Plans for a new Auckland dump have come a step closer after Chinese interests who dominate the sector in this country got state consent to buy a huge Wellsford farm and forestry site.

The Minister for Land Information Eugenie Sage and Associate Minister of Finance David Clark approved Chinese-owned Waste Management NZ's application to buy 1010ha of freehold land adjoining State Highway 1 north of Auckland for a price unable to be revealed because it has been permanently suppressed.

The land is classified as sensitive so Waste Management NZ's application had to go through official channels.

Waste Management NZ plans the new dump on part of the Mahurangi Forest and Springhill Farm sites.



It is buying the land at Dome Valley from Matariki Forests which is 64 per cent American-owned, and Springhill Estate, in New Zealand hands.

Waste Management NZ is the largest operator in this country's waste industry, the decision said.

"It is acquiring the land for the purpose of developing a landfill to service Auckland City and the Auckland region. The landfill will be developed as a replacement facility for the applicant's existing Redvale landfill which is likely to reach capacity as early as 2026," the consent said.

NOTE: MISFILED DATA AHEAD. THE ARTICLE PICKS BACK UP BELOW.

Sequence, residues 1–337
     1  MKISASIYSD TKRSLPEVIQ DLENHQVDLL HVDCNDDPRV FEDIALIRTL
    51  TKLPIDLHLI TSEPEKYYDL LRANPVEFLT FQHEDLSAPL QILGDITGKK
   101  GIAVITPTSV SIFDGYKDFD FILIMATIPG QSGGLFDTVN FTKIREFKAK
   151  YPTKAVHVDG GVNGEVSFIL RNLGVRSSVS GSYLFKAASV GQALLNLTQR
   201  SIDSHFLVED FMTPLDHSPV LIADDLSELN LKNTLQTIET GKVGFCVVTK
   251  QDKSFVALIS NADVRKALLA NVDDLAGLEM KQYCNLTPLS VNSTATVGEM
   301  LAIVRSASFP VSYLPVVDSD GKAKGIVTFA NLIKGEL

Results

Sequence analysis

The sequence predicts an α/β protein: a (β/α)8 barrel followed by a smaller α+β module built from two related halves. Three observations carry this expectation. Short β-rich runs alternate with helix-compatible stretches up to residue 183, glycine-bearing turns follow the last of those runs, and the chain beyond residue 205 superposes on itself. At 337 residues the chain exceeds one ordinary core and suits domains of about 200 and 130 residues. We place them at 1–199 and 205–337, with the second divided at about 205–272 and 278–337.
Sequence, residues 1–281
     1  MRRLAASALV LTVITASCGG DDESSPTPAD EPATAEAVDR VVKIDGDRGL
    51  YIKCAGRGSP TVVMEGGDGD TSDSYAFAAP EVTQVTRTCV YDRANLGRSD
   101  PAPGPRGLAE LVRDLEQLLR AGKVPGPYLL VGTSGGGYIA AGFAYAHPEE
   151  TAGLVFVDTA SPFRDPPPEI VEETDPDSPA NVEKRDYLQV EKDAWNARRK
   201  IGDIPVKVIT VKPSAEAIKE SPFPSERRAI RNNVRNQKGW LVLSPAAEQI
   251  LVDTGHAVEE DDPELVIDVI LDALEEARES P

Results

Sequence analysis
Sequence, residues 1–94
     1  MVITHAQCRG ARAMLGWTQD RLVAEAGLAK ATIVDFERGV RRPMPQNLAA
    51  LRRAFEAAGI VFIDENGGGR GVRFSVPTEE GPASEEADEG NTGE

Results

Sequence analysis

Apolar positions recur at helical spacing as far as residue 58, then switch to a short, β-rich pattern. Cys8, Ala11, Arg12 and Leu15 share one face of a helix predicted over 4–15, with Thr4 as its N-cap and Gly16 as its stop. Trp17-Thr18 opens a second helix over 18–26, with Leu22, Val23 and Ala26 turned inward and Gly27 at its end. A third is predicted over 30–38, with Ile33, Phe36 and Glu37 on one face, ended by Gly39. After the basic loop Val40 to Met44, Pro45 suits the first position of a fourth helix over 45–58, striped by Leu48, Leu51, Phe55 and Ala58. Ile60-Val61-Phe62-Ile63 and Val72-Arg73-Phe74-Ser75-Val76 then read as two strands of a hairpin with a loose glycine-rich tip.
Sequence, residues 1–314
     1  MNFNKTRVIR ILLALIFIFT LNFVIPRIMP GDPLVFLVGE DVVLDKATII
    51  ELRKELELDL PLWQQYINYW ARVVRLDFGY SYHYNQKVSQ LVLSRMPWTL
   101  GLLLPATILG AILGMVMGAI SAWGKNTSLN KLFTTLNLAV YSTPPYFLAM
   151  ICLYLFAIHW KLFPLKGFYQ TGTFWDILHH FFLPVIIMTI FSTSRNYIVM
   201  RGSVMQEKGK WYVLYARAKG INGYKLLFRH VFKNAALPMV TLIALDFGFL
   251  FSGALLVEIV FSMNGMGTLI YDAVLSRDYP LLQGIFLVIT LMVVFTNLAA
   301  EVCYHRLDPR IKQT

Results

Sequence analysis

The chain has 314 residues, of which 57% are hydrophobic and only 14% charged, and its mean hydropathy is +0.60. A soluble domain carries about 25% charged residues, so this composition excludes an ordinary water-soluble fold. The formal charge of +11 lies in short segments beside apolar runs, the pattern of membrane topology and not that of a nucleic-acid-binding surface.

Creation and retention of jobs, enhancement of domestic services with the new dump, advancing Auckland Council's strategies for future urban growth and the development of infrastructure and additional investment for development purposes through building the landfill were benefits cited in the consent approval.

Waste Management NZ also intends to provide walking access to the land along the Waiwhiu Stream, the consent said.

Auckland's waste sector
Auckland's waste sector

In January, the Herald reported that Aucklanders send 144kg of household rubbish each to landfill annually - that's 200,000 tonnes of rubbish collected across the whole city, every year.


Nearly a tenth of that is made up of items that have been recycled incorrectly, including soft plastic bags, which cannot be processed by Auckland council's machines. During Christmas and New Year, the amount we chuck away increases by 10 per cent and the number of items we send for recycling increases by 20 per cent.